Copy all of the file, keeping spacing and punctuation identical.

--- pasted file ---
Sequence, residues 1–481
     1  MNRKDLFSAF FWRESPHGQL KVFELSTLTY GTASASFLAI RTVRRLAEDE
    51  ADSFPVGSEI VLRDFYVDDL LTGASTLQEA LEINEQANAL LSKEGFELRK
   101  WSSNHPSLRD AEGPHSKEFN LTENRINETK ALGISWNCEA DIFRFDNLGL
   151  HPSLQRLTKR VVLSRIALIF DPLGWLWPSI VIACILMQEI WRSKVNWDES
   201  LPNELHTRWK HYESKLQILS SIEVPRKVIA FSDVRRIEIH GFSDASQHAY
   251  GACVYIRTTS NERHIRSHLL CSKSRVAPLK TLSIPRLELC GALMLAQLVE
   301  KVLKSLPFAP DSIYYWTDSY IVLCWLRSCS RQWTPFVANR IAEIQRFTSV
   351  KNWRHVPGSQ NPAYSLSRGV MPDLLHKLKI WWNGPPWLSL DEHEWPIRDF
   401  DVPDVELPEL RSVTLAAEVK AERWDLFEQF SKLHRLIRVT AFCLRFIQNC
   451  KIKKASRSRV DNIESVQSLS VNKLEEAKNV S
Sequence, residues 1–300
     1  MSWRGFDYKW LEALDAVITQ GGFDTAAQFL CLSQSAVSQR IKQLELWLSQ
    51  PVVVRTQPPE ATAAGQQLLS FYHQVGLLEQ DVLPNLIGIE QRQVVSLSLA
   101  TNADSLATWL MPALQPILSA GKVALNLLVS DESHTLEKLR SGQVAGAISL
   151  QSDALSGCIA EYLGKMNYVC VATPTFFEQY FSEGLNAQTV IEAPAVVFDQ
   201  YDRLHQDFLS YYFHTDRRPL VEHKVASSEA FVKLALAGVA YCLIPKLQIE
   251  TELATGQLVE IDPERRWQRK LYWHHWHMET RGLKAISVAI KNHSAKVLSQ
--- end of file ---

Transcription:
Sequence, residues 1–481
     1  MNRKDLFSAF FWRESPHGQL KVFELSTLTY GTASASFLAI RTVRRLAEDE
    51  ADSFPVGSEI VLRDFYVDDL LTGASTLQEA LEINEQANAL LSKEGFELRK
   101  WSSNHPSLRD AEGPHSKEFN LTENRINETK ALGISWNCEA DIFRFDNLGL
   151  HPSLQRLTKR VVLSRIALIF DPLGWLWPSI VIACILMQEI WRSKVNWDES
   201  LPNELHTRWK HYESKLQILS SIEVPRKVIA FSDVRRIEIH GFSDASQHAY
   251  GACVYIRTTS NERHIRSHLL CSKSRVAPLK TLSIPRLELC GALMLAQLVE
   301  KVLKSLPFAP DSIYYWTDSY IVLCWLRSCS RQWTPFVANR IAEIQRFTSV
   351  KNWRHVPGSQ NPAYSLSRGV MPDLLHKLKI WWNGPPWLSL DEHEWPIRDF
   401  DVPDVELPEL RSVTLAAEVK AERWDLFEQF SKLHRLIRVT AFCLRFIQNC
   451  KIKKASRSRV DNIESVQSLS VNKLEEAKNV S
Sequence, residues 1–300
     1  MSWRGFDYKW LEALDAVITQ GGFDTAAQFL CLSQSAVSQR IKQLELWLSQ
    51  PVVVRTQPPE ATAAGQQLLS FYHQVGLLEQ DVLPNLIGIE QRQVVSLSLA
   101  TNADSLATWL MPALQPILSA GKVALNLLVS DESHTLEKLR SGQVAGAISL
   151  QSDALSGCIA EYLGKMNYVC VATPTFFEQY FSEGLNAQTV IEAPAVVFDQ
   201  YDRLHQDFLS YYFHTDRRPL VEHKVASSEA FVKLALAGVA YCLIPKLQIE
   251  TELATGQLVE IDPERRWQRK LYWHHWHMET RGLKAISVAI KNHSAKVLSQ